The Massachusetts Tax Valuation List of 1771 contains the names and descriptions of taxable property of nearly 38,000 individuals who resided in 152 Massachusetts towns in 1771
Location: Stockbridge Massachusetts
Historian and journalist, was born Dec. 30, 1813, at Walton, Delaware County, N. Y. He died at Newburgh, N. Y., in 1897. He was the son of a Presbyterian minister settled at Walton. Early in life he determined to follow the ministry as a life work, and after graduating at Union College in 1839, he took a course in theology at Auburn Theological Seminary. After being admitted to the ministry he was settled over a church at Stockbridge, Mass. His health failing shortly after he was compelled to relinquish his chosen profession, and in 1842 traveled in Europe. His “Letters
–, Abbie A. and George Arnold, Mar. 18, 1841.* P.R.3. –, Esther and Heman D. French, Dec. 25, 1844.* P.R.3. –, Marinda and William P. Comstock, Mar. 28, 1845.* P.R.3. –, Susan and Thomas French, Oct. 10, 1844.* P.R.3.
JAQUINS, Abigail, Dec. 15, 1761. P.R.5. Adeline (see Eddeline). Agnes Victoria, d. Albert G., cooper (b. Alford), and Agnes V. (b. Alford), Oct. 12, 1849. Alanson, Feb. 26, 1797. P.R.5. Albert G., Apr. 27, 1806. P.R.5. Albert Galleton, [twin] ch. —, Apr. 27, 180. P.R.5. Amy, d. John and Tamson, Jan. 6, 1789. Calvin, s. John and Lavina, Jan. 8, 1799. Caty, Feb. 27, 1799. P.R.5. Clarry, Feb. 1, 1791. P.R.5. Eddeline, [twin] ch. —, Mar. 6, 1808. P.R.5. Elisbeth, Oct. 5, 1764. P.R.5. Elizabeth, d. John and Tamson, Nov. 9, 1787. George, Nov. 20, 1768. P.R.5. John, Apr. 14,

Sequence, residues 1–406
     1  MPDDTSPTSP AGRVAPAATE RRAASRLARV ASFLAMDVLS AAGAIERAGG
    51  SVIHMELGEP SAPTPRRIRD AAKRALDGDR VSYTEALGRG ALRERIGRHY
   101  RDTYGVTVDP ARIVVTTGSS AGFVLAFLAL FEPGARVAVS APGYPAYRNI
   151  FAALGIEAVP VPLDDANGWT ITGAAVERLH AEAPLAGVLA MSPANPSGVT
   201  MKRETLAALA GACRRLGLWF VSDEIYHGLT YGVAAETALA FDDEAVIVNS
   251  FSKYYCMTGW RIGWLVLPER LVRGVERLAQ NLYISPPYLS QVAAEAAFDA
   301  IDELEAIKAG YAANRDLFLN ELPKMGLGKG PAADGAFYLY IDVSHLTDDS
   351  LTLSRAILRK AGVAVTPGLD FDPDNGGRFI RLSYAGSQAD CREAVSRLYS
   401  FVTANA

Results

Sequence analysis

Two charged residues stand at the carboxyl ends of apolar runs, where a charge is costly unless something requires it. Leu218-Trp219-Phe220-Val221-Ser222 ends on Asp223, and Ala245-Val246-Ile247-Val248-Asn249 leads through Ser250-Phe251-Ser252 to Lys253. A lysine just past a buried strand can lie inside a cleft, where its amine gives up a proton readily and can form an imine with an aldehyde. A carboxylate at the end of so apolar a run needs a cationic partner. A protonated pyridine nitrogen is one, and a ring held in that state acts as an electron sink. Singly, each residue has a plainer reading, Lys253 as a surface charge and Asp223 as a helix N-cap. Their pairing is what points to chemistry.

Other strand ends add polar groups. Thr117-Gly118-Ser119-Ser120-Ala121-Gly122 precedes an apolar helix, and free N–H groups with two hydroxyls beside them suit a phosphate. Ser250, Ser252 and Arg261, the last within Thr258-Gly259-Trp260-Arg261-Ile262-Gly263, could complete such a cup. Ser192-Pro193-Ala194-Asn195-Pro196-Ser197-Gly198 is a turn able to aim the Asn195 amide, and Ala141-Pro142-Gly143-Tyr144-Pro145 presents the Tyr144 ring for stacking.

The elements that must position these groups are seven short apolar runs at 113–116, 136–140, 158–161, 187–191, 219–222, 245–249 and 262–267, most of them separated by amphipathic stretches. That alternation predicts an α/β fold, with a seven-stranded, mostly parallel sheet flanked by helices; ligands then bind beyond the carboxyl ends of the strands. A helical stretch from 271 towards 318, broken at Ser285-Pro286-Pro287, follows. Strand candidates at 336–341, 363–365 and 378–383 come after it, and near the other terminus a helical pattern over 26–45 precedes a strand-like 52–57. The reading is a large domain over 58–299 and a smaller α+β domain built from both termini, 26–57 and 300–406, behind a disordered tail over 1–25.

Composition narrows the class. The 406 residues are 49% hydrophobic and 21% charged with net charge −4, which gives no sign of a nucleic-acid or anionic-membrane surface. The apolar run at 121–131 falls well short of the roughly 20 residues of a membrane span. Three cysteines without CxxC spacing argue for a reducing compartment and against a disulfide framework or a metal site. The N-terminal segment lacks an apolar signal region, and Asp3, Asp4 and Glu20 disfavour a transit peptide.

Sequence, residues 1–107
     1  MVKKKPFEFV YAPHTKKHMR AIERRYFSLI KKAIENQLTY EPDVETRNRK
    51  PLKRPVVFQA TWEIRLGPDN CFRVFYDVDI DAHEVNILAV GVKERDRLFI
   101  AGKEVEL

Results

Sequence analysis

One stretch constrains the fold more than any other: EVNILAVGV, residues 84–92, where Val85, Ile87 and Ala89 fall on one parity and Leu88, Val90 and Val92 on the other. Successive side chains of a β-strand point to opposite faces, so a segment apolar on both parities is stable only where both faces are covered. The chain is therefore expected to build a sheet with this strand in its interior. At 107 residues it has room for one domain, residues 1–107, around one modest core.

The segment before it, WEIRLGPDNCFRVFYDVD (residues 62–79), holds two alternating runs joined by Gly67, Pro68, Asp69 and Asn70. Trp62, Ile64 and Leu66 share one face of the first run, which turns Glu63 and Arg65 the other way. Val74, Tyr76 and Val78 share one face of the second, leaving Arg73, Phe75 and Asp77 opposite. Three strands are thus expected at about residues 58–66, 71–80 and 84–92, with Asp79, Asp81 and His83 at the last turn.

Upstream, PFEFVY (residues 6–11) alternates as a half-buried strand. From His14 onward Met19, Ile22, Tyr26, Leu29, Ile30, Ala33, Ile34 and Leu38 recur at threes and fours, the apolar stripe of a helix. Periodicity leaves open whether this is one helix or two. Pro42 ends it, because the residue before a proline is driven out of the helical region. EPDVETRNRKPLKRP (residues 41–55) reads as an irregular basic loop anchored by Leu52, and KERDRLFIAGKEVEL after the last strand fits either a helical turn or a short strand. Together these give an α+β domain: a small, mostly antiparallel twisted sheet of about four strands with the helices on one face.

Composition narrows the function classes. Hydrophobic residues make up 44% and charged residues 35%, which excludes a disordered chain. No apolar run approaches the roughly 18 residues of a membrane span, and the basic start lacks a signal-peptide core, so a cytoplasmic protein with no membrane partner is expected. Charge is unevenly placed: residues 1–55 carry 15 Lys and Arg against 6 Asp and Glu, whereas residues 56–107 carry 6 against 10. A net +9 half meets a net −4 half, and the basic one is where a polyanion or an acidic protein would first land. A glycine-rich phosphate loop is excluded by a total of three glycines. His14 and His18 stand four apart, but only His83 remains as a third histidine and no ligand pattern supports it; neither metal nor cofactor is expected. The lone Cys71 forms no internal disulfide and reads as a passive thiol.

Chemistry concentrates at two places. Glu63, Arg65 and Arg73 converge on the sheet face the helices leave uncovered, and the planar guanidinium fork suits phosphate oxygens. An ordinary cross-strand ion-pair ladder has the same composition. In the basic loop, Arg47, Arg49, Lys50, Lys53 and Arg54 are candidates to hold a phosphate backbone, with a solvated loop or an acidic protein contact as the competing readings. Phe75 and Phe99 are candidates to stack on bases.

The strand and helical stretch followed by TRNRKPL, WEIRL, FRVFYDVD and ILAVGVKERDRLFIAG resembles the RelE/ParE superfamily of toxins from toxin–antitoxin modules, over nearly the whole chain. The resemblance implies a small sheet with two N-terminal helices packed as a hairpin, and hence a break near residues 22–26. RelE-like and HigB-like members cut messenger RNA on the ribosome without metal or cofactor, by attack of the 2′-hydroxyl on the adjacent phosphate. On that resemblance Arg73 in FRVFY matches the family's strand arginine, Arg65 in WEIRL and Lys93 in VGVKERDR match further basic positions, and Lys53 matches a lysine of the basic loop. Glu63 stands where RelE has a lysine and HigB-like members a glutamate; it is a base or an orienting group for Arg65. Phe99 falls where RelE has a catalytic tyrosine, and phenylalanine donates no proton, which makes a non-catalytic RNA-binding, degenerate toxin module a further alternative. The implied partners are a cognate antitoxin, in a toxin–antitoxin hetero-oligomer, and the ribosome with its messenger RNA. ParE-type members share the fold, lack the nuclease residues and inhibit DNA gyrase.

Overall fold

DENNIS J. KILLEEN – Dentistry has now for a long time been recognized as a scientific profession which requires for its skillful and legitimate practice, prolonged and thorough theoretical studies, which to a very large extent coincide with the medical curriculum, followed by a period of practical training in dental clinics under the eyes of professors and teachers. Fortunately nearly all of the States of our Union have now enacted laws insisting on and protecting the rights and interests of a profession, which while of overwhelming importance to the public health and working efficiency of the individual citizen, is still
Mahican Indians (‘wolf’). An Algonquian tribe that occupied both banks of upper Hudson River, in New York, extending north almost to Lake Champlain. To the Dutch they were known as River Indians, while the French grouped them and the closely connected Munsee and Delawares under the name of Loups (‘wolves’). The same tribes were called Akochakaneñ (‘stammerers’ ) by the Iroquois. On the west bank they joined the Munsee at Catskill creek, and on the east bank they joined the Wappinger near Poughkeepsie. They extended north into Massachusetts and held the upper part of Housatonic valley. Their council fire was